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05-12-2010, 03:51 PM
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There are a lot of really smart hockey people that want to induct Joe.

Joe Pelletier thinks Nieuwendyk should go in and that he might be First Ballot:

http://www.greatesthockeylegends.com...ieuwendyk.html
Not sure why we've glamourized the career of Nieuwendyk. His playoff resume is fine, but not anything that will push him into the HHOF. I mean honestly, is 116 points in 158 playoff games something legends are made of? He won three Cups with three different franchises and while that looks nice on paper the truth is he was no more important than 6th on Calgary in 1989 and at least that low on Jersey in 2003. He did win the Smythe in 1999 but it was his only "great" postseason. Really, it was

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05-12-2010, 03:51 PM
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Blades of Glory
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I think Joe Nieuwendyk will get in. 500 goals, Conn Smythe, a few cups, olympic gold, calder. Nieuwendyk is a no brainer imo.
Nieuwendyk is a pretty polarizing player in the regard that his career is very tough to judge for the HHOF. Personally, I never once looked at him during his career and got the special vibes that I usually get when I watch a Hall of Famer play. Nieuwendyk, honestly, was never what one could label a "great" player. Sometimes I forget how under-whelming his regular season numbers were after the age of 25, when injuries first took a toll on him.. He never scored 40 goals or 80 points after that age, and after age 27, he only scored 30 goals twice and, shockingly, only crossed the 60 point plateau once.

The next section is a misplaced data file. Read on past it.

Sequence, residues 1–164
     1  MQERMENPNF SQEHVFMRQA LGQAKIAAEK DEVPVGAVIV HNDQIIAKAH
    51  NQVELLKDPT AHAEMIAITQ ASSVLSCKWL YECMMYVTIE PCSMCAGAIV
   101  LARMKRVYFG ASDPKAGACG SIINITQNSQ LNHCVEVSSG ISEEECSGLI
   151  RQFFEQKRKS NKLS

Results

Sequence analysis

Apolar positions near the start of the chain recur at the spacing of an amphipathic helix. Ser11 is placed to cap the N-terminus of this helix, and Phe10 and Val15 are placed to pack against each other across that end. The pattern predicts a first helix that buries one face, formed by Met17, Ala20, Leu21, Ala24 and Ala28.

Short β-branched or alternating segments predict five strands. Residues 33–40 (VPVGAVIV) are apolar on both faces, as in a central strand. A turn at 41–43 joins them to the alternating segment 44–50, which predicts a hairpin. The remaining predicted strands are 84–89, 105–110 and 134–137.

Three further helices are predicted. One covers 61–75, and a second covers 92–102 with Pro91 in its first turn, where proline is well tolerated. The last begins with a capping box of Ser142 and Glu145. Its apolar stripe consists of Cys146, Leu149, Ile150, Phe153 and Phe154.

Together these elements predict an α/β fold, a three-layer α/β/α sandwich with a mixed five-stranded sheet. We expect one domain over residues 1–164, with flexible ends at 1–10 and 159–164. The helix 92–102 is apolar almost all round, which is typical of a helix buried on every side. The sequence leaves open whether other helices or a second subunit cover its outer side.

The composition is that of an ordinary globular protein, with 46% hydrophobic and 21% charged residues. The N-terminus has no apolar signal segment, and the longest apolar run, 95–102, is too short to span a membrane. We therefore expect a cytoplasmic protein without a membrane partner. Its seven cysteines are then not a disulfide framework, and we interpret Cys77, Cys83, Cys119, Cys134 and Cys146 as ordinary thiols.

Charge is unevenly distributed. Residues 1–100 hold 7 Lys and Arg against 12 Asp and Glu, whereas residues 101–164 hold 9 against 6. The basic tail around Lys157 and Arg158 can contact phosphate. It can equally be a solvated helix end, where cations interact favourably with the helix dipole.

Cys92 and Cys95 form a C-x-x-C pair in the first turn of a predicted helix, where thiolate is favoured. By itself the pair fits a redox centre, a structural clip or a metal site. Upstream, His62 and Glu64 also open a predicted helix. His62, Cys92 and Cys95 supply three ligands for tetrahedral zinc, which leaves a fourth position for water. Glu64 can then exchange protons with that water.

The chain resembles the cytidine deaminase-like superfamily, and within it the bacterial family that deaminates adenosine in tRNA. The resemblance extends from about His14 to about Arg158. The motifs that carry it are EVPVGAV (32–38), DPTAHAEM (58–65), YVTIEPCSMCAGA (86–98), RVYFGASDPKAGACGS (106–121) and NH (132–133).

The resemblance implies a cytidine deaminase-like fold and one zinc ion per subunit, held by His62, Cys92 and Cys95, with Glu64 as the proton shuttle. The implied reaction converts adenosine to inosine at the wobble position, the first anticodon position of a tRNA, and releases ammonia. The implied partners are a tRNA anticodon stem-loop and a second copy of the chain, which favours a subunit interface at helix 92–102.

His reputation as a playoff hero, as many of us agreed in another thread (and Big Phil makes a point of above), is rather over-stated. Aside from the fact that his playoff numbers are rather mediocre outside of his first two Cup runs, he benefited greatly from the teams he played on. Nieuwendyk never had to carry the load at forward in the playoffs, during a Stanley Cup run. He benefited greatly from playing behind an elite first line center in both cases. I hate criticizing him because I really, really like him, but the fact is that his Conn Smythe should have gone to Mike Modano or Ed Belfour. There is simply no argument that those two were not Dallas' most valuable players that year. Modano played 8 more minutes per game than Nieuwendyk in the playoffs. 8. That is astounding. I see Nieuwendyk as more of an emotional leader in the dressing room than someone who physically led teams to victory, but many seem to misunderstand the line between the two distinctions.

Either way, many people think he will get into the HHOF. I wouldn't be surprised if he did, because he is well-liked and his reputation as a leader and playoff performer, the latter being justified or not, is going to have an impression on the voters. But to me, he's not a HHOF-caliber player. Claude Lemieux was much more of an impact player in the playoffs, and in his first two Cup runs, never had the luxury of playing behind a first line that carried the load. Now that I think about it, I'm not really sure why I thought Lemieux was likely to get in. He was just one of those guys that I figured had to go for how spectacular he was in the playoffs.